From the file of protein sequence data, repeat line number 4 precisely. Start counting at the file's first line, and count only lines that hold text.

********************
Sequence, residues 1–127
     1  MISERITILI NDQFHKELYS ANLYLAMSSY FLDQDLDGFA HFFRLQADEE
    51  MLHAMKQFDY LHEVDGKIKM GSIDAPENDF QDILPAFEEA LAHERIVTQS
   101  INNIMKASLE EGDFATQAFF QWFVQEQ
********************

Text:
   101  INNIMKASLE EGDFATQAFF QWFVQEQ